Natalie Wood was so heartbroken after her romances with Robert Wagner and Warren Beatty ended, she allegedly tried to commit suicide by taking sleeping pills.
Now, for the first time, the late Hollywood legend’s sister, Lana, has opened up about that terrible, tragic night’s harrowing details to the hit new podcast “Fatal Voyage: The Mysterious Death of Natalie Wood.”
In a world exclusive interview, Lana said, “My mom, suddenly she called me and said, ‘Put together an outfit, grab something, meet at Cedars.”
Lana is referring to Cedars-Sinai Medical Center in Los Angeles, where she explained Natalie had been hospitalized “under an assumed name.”
“It was terrifying,” Lana added. “She was not good in shape. She was sitting there with a scrub face and looked devastated.”
“You really wouldn’t have recognized her. She was in that much turmoil and unhappiness.”
Lana made the bombshell disclosure in the fourth chapter of 12-part audio documentary “Fatal Voyage,” which explores Natalie’s tragic life and mysterious drowning death in 1981 at 43.
The critically acclaimed podcast, which is hosted by The National Enquirer‘s editor-in-chief Dylan Howard, is now available for download on iTunes.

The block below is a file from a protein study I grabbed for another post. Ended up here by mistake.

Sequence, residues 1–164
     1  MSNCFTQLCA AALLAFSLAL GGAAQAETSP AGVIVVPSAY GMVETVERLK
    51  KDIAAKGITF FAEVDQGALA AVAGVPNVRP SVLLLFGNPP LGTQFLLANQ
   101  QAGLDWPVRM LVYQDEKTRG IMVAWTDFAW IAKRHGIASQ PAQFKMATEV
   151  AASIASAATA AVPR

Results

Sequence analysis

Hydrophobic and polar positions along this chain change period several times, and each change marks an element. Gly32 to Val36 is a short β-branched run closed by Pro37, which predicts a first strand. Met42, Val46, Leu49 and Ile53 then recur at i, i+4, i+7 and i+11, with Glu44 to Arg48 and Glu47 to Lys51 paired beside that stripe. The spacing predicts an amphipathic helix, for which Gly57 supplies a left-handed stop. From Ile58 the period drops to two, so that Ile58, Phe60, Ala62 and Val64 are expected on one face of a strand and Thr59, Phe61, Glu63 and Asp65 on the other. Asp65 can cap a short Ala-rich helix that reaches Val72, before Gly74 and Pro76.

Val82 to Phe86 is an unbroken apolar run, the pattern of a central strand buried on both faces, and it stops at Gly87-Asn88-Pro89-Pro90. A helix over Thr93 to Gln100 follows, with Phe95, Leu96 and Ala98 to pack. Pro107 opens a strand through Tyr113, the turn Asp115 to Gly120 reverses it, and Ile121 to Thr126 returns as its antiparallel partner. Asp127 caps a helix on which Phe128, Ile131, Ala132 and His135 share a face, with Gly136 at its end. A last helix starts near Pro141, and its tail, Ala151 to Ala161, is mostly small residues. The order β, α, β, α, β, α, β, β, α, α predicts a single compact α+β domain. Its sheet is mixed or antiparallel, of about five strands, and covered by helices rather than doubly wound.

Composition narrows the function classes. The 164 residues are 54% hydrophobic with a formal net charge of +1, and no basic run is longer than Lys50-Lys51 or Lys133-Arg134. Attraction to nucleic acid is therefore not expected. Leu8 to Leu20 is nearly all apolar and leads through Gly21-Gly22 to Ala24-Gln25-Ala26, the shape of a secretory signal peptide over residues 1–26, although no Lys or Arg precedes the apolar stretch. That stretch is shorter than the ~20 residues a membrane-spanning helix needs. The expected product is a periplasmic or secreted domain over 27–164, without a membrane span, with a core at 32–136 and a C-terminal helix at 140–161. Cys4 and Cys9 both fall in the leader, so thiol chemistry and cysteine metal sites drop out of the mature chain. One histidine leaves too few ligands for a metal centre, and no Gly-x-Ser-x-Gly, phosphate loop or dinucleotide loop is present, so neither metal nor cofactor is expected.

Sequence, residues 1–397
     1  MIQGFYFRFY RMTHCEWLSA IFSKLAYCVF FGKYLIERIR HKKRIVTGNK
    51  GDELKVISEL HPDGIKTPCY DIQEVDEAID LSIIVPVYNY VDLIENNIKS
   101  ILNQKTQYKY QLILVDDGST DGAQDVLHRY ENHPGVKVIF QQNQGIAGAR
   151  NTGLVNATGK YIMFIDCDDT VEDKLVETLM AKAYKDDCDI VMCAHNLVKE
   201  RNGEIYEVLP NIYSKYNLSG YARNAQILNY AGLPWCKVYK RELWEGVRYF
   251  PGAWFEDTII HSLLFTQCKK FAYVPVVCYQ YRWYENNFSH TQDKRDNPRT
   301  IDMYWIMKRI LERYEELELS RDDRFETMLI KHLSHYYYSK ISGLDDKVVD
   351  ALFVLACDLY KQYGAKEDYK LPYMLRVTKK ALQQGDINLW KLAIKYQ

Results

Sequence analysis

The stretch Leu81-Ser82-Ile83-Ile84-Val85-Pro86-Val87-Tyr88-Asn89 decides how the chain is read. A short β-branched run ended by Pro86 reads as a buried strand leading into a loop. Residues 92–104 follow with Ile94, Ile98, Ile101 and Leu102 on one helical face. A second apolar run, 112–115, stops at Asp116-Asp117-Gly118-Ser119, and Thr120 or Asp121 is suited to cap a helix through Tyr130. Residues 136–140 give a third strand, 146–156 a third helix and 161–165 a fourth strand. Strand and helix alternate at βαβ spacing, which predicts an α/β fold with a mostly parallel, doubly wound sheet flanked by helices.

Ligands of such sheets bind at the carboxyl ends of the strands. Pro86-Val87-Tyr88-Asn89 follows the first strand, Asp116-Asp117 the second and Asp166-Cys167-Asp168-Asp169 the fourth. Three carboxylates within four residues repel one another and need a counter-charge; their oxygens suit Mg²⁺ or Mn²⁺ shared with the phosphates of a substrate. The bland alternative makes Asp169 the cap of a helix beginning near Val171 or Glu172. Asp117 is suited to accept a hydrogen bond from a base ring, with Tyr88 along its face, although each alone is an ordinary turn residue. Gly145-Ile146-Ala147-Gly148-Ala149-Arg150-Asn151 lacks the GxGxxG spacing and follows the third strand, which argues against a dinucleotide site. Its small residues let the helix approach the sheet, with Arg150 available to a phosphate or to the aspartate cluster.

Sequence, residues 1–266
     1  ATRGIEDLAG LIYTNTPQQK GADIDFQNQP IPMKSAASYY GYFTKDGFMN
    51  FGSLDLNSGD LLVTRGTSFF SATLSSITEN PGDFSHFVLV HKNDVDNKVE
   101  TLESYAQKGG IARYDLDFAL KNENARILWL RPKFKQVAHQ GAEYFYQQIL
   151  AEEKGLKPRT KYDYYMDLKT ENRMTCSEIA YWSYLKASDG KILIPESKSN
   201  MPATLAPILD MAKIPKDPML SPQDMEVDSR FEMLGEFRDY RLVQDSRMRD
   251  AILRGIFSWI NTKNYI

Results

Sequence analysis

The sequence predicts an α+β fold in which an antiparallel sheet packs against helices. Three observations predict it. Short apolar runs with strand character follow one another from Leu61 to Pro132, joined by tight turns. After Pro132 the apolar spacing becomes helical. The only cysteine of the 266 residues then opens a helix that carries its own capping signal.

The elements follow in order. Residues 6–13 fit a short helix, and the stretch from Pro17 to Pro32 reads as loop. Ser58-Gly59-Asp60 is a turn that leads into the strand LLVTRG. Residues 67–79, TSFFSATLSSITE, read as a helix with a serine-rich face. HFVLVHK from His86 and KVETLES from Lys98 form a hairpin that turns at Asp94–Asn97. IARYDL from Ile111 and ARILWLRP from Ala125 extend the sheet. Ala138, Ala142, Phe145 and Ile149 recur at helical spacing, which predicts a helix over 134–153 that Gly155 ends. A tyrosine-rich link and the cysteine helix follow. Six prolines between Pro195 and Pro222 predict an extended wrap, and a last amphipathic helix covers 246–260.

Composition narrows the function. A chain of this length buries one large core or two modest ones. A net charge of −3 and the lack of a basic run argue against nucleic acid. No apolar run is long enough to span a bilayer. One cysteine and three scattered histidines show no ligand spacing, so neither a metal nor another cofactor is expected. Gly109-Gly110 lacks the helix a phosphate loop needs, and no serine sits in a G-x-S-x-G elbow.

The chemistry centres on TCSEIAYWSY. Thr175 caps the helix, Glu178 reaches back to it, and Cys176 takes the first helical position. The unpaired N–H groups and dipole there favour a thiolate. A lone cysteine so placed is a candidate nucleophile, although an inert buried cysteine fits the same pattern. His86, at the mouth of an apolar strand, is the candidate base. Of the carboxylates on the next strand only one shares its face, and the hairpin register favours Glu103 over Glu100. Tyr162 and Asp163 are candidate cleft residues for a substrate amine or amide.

But Lana’s long-held confession isn’t the only blockbuster to come from chapter four.
In another world exclusive, the “Fatal Voyage” investigative team obtained a never-before-seen memoir written by Natalie in which she described, among other things, her affair with Splendor in the Grass costar Beatty.
“When we became involved he was depressed because his sweetheart had gone to England for a film,” Natalie confided.
“And I was devastated over the end of my marriage. We both brought problems to the relationship. Warren and I spent hours ruminating and analyzing each other.”
“After my divorce, I was looking for the Rock of Gibraltar,” she added. “Instead, I discovered Mount Vesuvius, a live volcano with eruptions each day. And I contributed my share of fireworks, too.”
If you or someone you know is in emotional distress or considering suicide, call the National Suicide Prevention Lifeline at 1-800-273-TALK (8255).